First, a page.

Lesson 20: Beware of public soap dispensers

Before the military, I never thought this was something I would have to say.  There is a sort of trust that goes into soap dispensers when you are finished with your business and it is a trust that never crossed my mind to examine.  Call it a lack of imagination, over trusting foolishness, a naïve young man with little to no concept of the potential for human depravity, etc.  It wasn’t until I was deployed that my first mistrust of soap dispensers came to light.  Weird place to learn that kind of life lesson, sure, but life changing all the same.  It was a place where cleanliness was more paramount than ever, yet the means to execute came into question.

I never would have though about considering the environment, location, or questioning who it was that refilled them.  I am sure there are plenty of people that are convinced that soap dispensers are unending, infinite realms of cleansing goo, without any consideration as to who put the soap in the dispenser in the first place, or who is providing the soap and where they got it from.  I know it is not something I ever took into consideration for a long time.  During my deployment in Iraq, I went to wash my hands one day and I noticed that the soap’s color in dispenser.  It was supposed to be blue.  This time, it was blue with a greenish haze to it.  What color do you mix with blue to get green?

I know what you might be thinking.  Maybe they only had yellow soap left.  It is a plausible theory and most likely true.  In fact, there is a good chance that is EXACTLY the case, and I was just overthinking the matter.  If there is one thing I learned in the military, it is that assumption is one of the quickest ways to discomfort or death.  Most accidents or problems I encountered during my active-duty service were the result of assumptions.  Someone assumed the weapon was unloaded when they pulled the trigger and a round is discharged.  Someone assumes an office will be open because it is business hours, only to find out the office is closed for some random or unforeseen reason.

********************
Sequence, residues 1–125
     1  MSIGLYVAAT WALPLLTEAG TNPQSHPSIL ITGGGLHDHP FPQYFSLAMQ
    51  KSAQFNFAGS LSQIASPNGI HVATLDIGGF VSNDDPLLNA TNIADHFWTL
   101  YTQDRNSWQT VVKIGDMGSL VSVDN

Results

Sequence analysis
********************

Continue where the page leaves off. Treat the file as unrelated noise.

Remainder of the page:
During my deployment I knew who was responsible for the maintenance and restocking of the bathroom buildings.  I cannot tell you who, but I can tell you that they were not overly fond of Americans and were engaged in this work for the sole purpose of collecting American money.  Long story short, the people handling the maintenance and restocking of the most frequented buildings on the installation, besides the chow hall, are not even actually allies.  They are people who don’t really like us there.  Don’t really want us there.  And are probably not overly concerned with the safety and well being of invaders.  I know this is an extreme example, but is it so unrelatable?            

Think about it.  Have you ever worked a job that you absolutely hated?  Have you ever been asked or told to do something that was so disgusting or so beneath you or had nothing to do with your life goals and dreams that it made you more and more angry each time?  I am not suggesting that it is impossible for people to enjoy the job of cleaning and restocking restrooms.  I am advising that more questions are better than less when it comes to your health and safety.  Don’t be afraid of public bathrooms.  Take into consideration that, no matter what or where, using a public bathroom is a risk each time.  It is a mistake to assume that just because it is a soap dispenser, the contents must be safe and clean.  Evil doers thrive on the assumptions of the innocent.  You don’t know what you don’t know.

5 Replies to “Lesson 20: Beware of public soap dispensers”

Leave a Reply to Matthew Glikman Cancel reply

Fill in your details below or click an icon to log in:

WordPress.com Logo

You are commenting using your WordPress.com account. Log Out /  Change )

Google photo

You are commenting using your Google account. Log Out /  Change )

Twitter picture

You are commenting using your Twitter account. Log Out /  Change )

Facebook photo

You are commenting using your Facebook account. Log Out /  Change )

Connecting to %s